Samuel Collings delivers a scary, physical and gripping performance in The Strange Case of Dr Jekyll and Mr Hyde by Guildford Shakespeare Company.

This adaption for one actor of Robert Louise Stevenson’s 1886 book by playwright Caroline Devlin is more than equal to the original.

It follows Gabriel Utterson’s investigation of strange coincidences involving his old friend, Dr Henry Jekyll, and the brutish murderer Edward Hyde.

Utterson discovers to his horror that Jekyll is drinking a chemical concoction to live out his darker urges as Mr Hyde.

Collings doesn’t spare himself; when Jekyll drinks the potion, he throws himself to the floor, contorts, twitches, thrashes, arises clutching his neck while grimacing before hurling himself full length again.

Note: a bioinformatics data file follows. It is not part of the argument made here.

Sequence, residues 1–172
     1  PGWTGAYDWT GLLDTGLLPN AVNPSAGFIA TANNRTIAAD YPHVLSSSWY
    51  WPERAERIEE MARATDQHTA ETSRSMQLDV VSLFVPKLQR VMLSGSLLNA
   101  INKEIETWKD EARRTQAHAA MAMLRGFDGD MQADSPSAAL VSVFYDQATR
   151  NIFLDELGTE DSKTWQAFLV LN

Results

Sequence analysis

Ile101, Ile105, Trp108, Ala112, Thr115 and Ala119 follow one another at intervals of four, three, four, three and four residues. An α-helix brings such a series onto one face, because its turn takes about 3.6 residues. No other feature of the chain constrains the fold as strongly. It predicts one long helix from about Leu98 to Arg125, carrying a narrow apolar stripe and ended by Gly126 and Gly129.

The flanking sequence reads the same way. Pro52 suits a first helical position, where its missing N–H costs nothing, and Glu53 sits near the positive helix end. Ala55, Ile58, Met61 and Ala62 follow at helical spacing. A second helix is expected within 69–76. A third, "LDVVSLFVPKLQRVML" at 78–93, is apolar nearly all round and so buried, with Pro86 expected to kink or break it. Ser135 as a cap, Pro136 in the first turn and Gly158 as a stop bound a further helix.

The man will be a mass of bruises when the run in St Nicolas’ Church in Bury Street, Guildford, ends on November 5; the Victorian church is the perfect setting for this gothic horror.

Just one nit-pick; as the seating isn’t ‘banked’ only fleeting views of Collings writhing on the stage floor can be glimpsed between, or over, or around, the heads of those sitting by you.

But his screams, groans and the lighting are enough to help imagine his pain and terror.

Collings’ performance is enhanced by skillful lighting and clever use of recorded sound effects, from the technical team led by lighting engineer Mark Dymock and sound designer Matt Eaton.

For more information and to book tickets visit the website at

Review by Jon Walker